The Effect of Peer Review on Student Learning Outcomes in a Research Methods Course

Jessica A. Crowe*, Tony Silva, Ryan Ceresola

*Corresponding author for this work

Research output: Contribution to journalArticlepeer-review

21 Scopus citations


In this study, we test the effect of in-class student peer review on student learning outcomes using a quasiexperimental design. We provide an assessment of peer review in a quantitative research methods course, which is a traditionally difficult and technical course. Data were collected from 170 students enrolled in four sections of a quantitative research methods course, two in-class peer review sections, and two sections that did not incorporate in-class peer review over two semesters. For the two sections with peer review, content scheduled for the days during which peer review was used in class was delivered through the online course management system. We find that in-class peer review did not improve final grades or final performance on student learning outcomes, nor did it affect performance differences between drafts and final assignments that measured student learning objectives. Further, it took time away from in-class delivery of course content in course sections that used in-class peer review. If peer review is utilized, we recommend it be assigned as an out-of-class assignment so it does not interfere with in-class teaching.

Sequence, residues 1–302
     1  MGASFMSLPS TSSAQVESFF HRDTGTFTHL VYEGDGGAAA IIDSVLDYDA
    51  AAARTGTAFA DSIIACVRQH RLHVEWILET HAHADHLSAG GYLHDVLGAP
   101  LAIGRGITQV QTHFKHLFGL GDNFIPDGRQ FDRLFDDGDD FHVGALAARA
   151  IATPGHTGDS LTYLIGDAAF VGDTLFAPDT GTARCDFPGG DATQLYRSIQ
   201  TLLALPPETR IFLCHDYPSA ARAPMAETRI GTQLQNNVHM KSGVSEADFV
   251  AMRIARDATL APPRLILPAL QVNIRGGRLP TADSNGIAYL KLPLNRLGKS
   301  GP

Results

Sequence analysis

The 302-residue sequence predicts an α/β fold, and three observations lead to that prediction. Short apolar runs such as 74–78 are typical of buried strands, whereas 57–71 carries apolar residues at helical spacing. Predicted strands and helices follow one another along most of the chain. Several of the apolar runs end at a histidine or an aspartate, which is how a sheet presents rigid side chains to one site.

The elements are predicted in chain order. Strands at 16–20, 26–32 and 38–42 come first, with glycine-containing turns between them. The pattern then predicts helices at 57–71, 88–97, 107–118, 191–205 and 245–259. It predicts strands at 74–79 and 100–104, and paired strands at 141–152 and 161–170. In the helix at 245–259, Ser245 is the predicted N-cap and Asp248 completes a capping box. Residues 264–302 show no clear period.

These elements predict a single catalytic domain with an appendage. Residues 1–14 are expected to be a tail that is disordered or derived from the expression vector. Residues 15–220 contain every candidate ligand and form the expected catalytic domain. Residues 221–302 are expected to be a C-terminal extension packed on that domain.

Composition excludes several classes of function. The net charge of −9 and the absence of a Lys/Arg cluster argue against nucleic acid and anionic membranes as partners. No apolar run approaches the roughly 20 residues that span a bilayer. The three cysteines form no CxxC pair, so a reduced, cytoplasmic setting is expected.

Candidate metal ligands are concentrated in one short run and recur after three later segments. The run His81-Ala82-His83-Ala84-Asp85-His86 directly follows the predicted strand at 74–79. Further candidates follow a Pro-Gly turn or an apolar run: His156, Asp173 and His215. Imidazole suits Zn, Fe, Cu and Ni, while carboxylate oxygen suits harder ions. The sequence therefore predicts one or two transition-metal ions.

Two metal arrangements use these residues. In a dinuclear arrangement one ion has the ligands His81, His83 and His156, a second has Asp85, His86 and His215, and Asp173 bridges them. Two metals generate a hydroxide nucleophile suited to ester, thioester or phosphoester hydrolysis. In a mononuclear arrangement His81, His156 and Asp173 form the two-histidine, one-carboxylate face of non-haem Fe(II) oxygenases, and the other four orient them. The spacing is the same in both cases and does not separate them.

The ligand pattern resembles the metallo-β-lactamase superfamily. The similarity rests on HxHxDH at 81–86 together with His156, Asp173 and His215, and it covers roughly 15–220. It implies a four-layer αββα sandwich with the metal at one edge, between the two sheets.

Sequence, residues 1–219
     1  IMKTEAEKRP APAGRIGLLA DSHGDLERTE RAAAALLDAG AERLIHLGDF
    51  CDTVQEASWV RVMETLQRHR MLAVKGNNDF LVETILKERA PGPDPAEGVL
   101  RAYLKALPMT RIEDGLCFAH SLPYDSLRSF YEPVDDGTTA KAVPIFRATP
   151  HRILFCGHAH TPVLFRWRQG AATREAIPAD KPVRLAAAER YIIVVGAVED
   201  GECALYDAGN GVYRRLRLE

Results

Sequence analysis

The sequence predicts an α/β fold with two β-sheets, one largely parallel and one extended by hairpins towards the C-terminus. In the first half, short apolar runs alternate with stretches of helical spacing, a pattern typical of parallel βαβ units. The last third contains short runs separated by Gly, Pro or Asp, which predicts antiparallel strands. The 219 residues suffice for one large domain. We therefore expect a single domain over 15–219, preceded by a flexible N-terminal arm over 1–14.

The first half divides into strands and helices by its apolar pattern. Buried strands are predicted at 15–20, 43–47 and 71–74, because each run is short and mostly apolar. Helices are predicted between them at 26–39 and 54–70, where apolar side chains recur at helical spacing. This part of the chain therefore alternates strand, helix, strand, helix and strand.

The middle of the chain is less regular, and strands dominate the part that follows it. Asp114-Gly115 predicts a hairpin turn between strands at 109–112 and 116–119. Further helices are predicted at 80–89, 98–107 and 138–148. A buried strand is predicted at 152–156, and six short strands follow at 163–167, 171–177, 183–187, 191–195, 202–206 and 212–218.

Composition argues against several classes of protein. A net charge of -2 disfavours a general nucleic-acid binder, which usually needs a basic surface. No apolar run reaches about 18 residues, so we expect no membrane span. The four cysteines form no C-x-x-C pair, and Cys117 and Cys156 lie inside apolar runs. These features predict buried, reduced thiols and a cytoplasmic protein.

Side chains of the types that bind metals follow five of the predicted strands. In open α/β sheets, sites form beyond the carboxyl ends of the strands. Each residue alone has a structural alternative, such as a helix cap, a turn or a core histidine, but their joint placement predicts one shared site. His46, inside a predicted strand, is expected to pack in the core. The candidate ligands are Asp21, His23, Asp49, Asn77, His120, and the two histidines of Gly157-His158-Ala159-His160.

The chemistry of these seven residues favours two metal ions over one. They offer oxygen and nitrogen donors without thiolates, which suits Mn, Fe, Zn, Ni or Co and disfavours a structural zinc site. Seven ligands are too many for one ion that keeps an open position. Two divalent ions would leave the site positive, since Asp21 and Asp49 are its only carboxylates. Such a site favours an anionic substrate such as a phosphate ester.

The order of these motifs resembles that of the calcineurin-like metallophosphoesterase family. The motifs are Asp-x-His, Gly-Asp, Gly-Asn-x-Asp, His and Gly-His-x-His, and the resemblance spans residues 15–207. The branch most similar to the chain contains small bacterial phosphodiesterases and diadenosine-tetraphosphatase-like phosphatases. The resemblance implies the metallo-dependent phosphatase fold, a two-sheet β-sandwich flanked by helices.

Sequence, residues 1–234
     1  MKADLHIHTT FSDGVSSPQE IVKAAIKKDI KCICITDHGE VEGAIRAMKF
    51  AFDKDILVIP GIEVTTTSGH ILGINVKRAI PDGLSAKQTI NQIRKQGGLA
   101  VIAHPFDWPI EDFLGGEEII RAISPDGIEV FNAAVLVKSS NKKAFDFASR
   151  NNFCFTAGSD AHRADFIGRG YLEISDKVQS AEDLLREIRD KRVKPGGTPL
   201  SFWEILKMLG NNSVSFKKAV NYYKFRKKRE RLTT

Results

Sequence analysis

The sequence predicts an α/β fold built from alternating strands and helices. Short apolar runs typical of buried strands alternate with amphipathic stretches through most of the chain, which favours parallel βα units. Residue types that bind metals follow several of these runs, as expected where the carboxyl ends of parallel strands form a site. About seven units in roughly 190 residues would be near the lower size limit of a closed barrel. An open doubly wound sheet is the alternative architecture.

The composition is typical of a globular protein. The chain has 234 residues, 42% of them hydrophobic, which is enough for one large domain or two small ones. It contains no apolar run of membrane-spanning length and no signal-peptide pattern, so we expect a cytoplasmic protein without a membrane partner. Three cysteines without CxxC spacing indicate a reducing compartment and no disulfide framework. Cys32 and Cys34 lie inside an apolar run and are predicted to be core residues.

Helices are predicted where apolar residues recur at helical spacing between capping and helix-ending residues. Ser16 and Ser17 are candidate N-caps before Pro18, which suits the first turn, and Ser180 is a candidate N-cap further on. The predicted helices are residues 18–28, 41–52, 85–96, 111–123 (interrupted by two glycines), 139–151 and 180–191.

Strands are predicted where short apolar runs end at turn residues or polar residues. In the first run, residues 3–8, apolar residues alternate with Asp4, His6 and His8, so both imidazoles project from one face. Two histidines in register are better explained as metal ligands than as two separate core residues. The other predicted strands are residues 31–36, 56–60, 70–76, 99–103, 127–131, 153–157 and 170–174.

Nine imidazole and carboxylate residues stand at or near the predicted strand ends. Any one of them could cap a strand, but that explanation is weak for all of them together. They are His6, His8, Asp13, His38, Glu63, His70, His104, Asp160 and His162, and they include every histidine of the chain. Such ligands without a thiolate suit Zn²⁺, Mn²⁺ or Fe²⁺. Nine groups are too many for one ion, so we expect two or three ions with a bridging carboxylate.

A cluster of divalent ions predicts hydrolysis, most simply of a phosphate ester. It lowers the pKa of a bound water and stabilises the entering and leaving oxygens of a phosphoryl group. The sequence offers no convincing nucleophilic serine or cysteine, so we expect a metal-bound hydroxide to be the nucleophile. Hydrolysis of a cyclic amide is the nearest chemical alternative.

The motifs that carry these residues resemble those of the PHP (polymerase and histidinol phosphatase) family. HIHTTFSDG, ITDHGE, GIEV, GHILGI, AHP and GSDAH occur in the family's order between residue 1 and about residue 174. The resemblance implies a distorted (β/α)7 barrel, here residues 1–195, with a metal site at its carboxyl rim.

Original languageEnglish (US)
Pages (from-to)201-213
Number of pages13
JournalTeaching Sociology
Issue number3
StatePublished - Jul 11 2015


  • peer review
  • research methods
  • student learning outcomes

ASJC Scopus subject areas

  • Education
  • Sociology and Political Science


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